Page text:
I recently worked on a very cool and lovely old JVC QL-F4 direct-drive, fully automatic turntable. Let’s take a look inside.
The JVC QL-F4 is a mid-range deck from the once-great JVC. Even in the late ’70s and early ’80s, JVC was not known for its hi-fi separates. This is a shame because this series of JVC turntables had great specs. This deck is quite unusual in terms of the platter, styling and cool LED strobe illuminator. It also allows for repeat playing of records, great for parties!
UPDATED, 2023. Wow, this takes me back! Decks like this were still being thrown in the bin when they failed, rather than being repaired, when I wrote this. Most hadn’t heard of the JVC QL-F4 when I repaired and wrote about this one, so I’m pleased if the article has inspired folks to get into turntables or try their hand at repairing them. Thanks for visiting and for being part of the journey over the last decade 🙏
This JVC QL-F4 came with a couple of issues. The bottom case was badly cracked and had been dropped at some point. Also, the platter would often not spin up on its own, requiring a little nudge to get going! Naturally, the owner wanted these problems repaired and for the deck to be serviced and brought back into the correct working order and factory spec. He also wanted me to replace the headshell and cartridge.
To begin, I cleaned the deck. This helps me detect any other issues that might be obscured or even created by dirt, something I’ve seen often. I then removed the plastic base and repaired it with a cyanoacrylate glue specially designed for plastics.
The next job was to inspect the electronics. I figured that there might have been a power supply issue and it’s best to start with the cardinal rule of electronics repair: “Thou shalt check voltages.” The main 22V rail was down slightly, so I adjusted this and retested the deck. She still wasn’t quite behaving herself.
What I did find though was a voltage regulator or series-pass transistor (my apologies, I can’t recall now which it was) that had at least one dry joint and needed re-working. The images below show this before and after some time with the Hakko soldering station.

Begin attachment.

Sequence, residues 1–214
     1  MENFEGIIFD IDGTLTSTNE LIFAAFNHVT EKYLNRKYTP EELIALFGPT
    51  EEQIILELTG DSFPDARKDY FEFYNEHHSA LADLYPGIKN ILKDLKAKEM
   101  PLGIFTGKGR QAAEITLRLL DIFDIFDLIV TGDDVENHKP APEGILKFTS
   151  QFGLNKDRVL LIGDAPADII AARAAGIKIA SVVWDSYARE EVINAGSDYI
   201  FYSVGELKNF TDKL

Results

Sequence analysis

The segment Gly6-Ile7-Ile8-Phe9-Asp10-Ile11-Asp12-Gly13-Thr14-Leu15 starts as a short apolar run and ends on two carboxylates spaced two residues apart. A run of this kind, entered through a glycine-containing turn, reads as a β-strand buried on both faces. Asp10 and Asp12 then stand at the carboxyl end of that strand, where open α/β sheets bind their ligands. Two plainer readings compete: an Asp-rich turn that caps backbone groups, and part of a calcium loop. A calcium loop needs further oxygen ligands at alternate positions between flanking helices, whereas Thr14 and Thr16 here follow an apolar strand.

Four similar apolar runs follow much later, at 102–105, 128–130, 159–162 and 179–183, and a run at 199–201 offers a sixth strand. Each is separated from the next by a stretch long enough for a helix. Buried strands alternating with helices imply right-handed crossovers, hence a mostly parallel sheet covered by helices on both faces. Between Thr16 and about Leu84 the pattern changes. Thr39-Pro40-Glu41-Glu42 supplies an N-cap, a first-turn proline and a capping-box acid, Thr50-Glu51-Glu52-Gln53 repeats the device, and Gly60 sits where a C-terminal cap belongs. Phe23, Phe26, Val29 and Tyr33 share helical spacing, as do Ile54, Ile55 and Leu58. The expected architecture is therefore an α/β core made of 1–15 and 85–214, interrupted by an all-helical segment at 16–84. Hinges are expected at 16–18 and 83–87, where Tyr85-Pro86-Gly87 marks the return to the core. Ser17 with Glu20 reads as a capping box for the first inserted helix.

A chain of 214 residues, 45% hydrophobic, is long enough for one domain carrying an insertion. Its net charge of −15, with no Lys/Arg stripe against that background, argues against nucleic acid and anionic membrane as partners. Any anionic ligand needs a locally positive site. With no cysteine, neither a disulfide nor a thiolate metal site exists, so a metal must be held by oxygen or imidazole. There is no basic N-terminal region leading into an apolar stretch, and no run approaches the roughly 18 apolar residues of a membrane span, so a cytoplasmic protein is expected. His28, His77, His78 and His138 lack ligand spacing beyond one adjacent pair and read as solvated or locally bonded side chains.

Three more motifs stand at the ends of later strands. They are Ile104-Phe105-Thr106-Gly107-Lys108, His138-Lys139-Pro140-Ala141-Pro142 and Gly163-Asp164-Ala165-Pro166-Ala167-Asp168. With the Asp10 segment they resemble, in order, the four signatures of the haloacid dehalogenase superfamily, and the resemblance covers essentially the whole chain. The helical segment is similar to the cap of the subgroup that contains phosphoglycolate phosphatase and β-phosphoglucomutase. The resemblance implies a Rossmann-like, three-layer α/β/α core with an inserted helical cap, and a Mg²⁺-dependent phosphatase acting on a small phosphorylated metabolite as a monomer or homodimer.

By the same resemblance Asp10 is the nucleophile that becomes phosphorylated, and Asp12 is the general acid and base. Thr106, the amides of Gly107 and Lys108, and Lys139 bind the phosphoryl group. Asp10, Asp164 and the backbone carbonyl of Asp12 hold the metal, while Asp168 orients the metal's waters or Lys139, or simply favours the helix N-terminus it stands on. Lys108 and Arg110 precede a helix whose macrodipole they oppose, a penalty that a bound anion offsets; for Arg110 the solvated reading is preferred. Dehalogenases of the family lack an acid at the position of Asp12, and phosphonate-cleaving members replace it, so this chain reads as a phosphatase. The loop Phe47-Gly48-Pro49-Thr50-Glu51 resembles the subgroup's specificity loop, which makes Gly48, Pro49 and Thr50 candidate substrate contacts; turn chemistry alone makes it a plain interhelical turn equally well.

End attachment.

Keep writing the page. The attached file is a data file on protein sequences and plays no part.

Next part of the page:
Next, I had a very close look at the capacitors in the power supply area. There was lots of the dreaded corrosive glue around the larger capacitors. This and the affected parts had to go. I pulled the caps, carefully removed the corrosive glue and installed some nice high-temp, low-ESR replacement capacitors.
Retesting the deck showed that I had resolved the issue with poor starting torque as she now spun up every time, without assistance. I readjusted the 22V rail again and that job was complete. Note that I’ve repaired many QL-F4s and issues have included glue damage seen here, completely dead power supplies, issues with op-amps and more. Checking voltages with reference to the service manual is critically important where faults are not immediately obvious.
Interestingly the JVC QL-F4 motor appeared sealed and not designed for service. The rotor turned smoothly and with no perceptible bearing free play, so at the time of writing back in 2015, I was not too concerned about this. I learned in later years and after having worked on many more QL-F4s that the motors pull apart. The rotor pulls away from the stator when enough force is applied to it. Thank you to commenters for reminding me of the need to update this article!
So the last couple of steps in this full service involved lubricating various points on the arm-control mechanism, setting up those to allow adjustment of the Quartz lock circuit and carefully checking and re-checking these adjustments to ensure they are perfect and stable over a decent operating period. The service manual outlines the procedure clearly.
After that the newly repaired bottom went back on, I installed the supplied Stanton cartridge in the supplied JVC headshell, installed that into the tonearm and then carefully aligned the cartridge and set tracking force.
The deck now plays a record very well. It is quiet, wow and flutter is very low and all automatic functions work well. Note that the drive gear attached to the spindle is cracked and it is only a matter of time before the arm return function fails. Even this is no big deal though, the deck itself will continue to play records for many years to come!
As always, thanks for reading and don’t hesitate to let me know if I can assist with your JVC turntable, or any other for that matter!